As REALTORS®, we are pledged to a strict code of professional ethics that safeguards our clients and the public. As an association, it's one of our top priorities to assure that real estate is a profession to be proud of. If you have encountered a real estate agent who you believe has engaged in unprofessional, unethical, or incompetent conduct, there are several options available to you.

Please keep in mind that we are unable to offer legal advice regarding your specific situation. The following information is not all-inclusive, and you may wish to pursue multiple options at once. In all cases, it may be to your benefit to consult with an attorney before pursuing any of the actions below.


First and foremost, as with the early stages of any dispute, start off by contacting the agent’s broker of record.  By initially trying to resolve matters personally, you may be able to avoid protracted proceeding or having to use up hours of valuable personal time.  You may also be able to resolve monetary disputes informally and finally without involving third parties.

You will be speaking informally with a company manager and/or owner (as opposed to the agent in question). Open, constructive discussion often resolves questions or differences, eliminating the need for further action.  If you're not sure how to contact the relevant brokerage, check here for an alphabetical list of our member firms.

However, if the agent cannot or will not resolve the matter to your satisfaction, then you must determine if your action deals primarily with an ethical concern or if you are seeking compensation for losses you wish to claim.

Property Dispute Mediation

This Dispute Resolution System is a program for buyers, sellers, and REALTORS® to resolve disputes that arise in the purchase and sale of real estate.  The service is an alternative to the more costly and time consuming process of civil litigation in the courts.

Resolution of Ethical Concerns

If your complaint deals primarily with whether the actions or inactions taken by an agent were ethical or lawful rather than specifically seeking damages for a loss sustained, then you may consider the following options:

  • File an ethics complaint with RAMP

  • File a complaint with the real estate commission

  • File a complaint with law enforcement

Compensation for Losses Sustained

If you have sustained monetary losses as a result of action by the agent, then your options include the following:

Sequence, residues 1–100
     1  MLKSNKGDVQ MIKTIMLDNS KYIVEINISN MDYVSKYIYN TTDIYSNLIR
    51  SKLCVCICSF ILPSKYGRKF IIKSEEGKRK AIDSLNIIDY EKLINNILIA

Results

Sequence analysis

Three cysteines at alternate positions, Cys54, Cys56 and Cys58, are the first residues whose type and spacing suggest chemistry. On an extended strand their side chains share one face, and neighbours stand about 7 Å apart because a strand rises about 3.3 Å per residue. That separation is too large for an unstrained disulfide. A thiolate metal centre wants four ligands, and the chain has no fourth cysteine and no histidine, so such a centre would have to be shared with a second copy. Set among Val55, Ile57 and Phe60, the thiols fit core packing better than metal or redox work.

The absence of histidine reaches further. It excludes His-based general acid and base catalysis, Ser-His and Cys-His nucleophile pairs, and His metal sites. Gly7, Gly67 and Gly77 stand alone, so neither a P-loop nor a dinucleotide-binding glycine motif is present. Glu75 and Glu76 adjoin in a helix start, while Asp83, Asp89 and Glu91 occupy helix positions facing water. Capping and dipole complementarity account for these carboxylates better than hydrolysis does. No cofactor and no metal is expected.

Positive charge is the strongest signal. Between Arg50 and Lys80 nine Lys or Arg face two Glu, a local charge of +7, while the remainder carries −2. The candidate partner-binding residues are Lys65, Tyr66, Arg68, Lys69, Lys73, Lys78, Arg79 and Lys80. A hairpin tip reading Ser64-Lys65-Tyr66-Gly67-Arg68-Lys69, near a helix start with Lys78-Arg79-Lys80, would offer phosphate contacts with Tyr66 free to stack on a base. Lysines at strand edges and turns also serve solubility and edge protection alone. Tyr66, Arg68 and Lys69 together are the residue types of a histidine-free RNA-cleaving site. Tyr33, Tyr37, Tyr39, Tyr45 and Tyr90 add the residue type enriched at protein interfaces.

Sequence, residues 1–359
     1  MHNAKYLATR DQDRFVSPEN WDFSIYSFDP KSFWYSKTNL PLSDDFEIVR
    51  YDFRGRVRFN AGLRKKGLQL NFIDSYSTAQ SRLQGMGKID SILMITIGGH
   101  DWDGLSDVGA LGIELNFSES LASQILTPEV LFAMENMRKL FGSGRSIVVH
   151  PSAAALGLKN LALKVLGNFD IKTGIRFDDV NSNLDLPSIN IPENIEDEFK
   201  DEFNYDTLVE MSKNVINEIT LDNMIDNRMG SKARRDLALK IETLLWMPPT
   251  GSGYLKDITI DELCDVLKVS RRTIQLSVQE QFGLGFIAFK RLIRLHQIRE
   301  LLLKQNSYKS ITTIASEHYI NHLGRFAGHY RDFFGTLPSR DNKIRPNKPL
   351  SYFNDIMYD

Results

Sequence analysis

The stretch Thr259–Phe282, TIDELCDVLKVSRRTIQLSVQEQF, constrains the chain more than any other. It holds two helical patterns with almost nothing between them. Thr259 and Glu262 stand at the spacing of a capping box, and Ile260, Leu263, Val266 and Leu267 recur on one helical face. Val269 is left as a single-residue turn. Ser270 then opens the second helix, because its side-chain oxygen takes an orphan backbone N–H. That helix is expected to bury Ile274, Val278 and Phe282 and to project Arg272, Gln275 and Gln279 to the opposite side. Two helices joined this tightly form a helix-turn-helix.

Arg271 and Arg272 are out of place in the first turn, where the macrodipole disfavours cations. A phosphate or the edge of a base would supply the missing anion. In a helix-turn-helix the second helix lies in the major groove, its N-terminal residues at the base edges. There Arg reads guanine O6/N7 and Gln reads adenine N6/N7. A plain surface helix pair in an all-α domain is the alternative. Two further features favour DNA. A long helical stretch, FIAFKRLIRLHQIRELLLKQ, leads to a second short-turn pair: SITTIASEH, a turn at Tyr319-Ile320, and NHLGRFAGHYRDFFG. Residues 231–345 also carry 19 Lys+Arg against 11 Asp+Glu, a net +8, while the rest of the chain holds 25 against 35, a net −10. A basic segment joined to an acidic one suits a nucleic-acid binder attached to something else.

• Contact an attorney to seek civil restitution


When to consider it: If you believe an agent has engaged in unethical behavior, we suggest you examine the REALTOR® Code of Ethics. You can review the code here to search for relevant provisions.

What it does: If an agent is found to be in violation of the Code, possible reprimands include fines, formal warnings, and loss of REALTOR® membership. You will not receive any restitution or other payments as a result of this process.

How to do it: Click here for a detailed overview of the process or to download a complaint form. Please be aware that you (and any witnesses you may have) will be required to attend a formal hearing to proceed with your complaint.


When to consider it: If you believe an agent has violated the terms of his/her real estate license by engaging in conduct prohibited by the Commonwealth of Pennsylvania.

What it does: The Real Estate Commission will pursue an investigation if it finds your complaint to have merit and legal standing. Depending on the results of the inquiry, prosecution may follow. Potential outcomes include civil fines and loss or suspension of license. You will not receive any restitution or other payments as a result of this process.

How to do it: For more details about the handling of complaints, click here. Be aware that you (and any witnesses you may have) could be required to attend and testify before a formal hearing panel.


When to consider it: If you or someone else may have been the victim of criminal conduct by a person who is (or poses as) a real estate agent, mortgage broker, etc.

What it does: Beyond the penalties enumerated above, the perpetrator could be subject to incarceration and/or severe fines.

How to do it: Contact your local police department. In Pennsylvania, the public prosecutor is the county district attorney. If you are a resident of Allegheny County (or if the property in question, your agent, or your agent's broker are located in Allegheny County), you may wish to contact the office of District Attorney Stephen A. Zappala Jr.


When to consider it: If you have a claim against an agent with whom you have a contractual relationship.

What it does: After receiving your claim, the committee will proceed pursuant to the Pennsylvania Arbitration Act and may conduct a hearing at which you and any witnesses you may have may be required to attend to proceed with your complaint

How to do it: Contact RAMP's professional standards administrator for an overview of the process or to obtain necessary forms.


When to consider it: If your complaint involves the desire to achieve restitution or damages in compensation for an agent's botched handling of a real estate transaction.

What it does: Pending a review of the case by your attorney, you may wish to file a civil law suit that would proceed through the court system and/or settlement.

How to do it: Contact an attorney of your choice. (Several lawyers specializing in real estate matters are affiliate members of this organization. Their contact information is available here, although RAMP can neither endorse nor vouch for the competence of those listed. This list is in no way comprehensive, and you should consult outside sources before choosing an attorney.)

If you prefer, you may contact the Lawyer Referral Service of the Allegheny County Bar Association, which will provide you with information about lawyers in the area whom you may contact.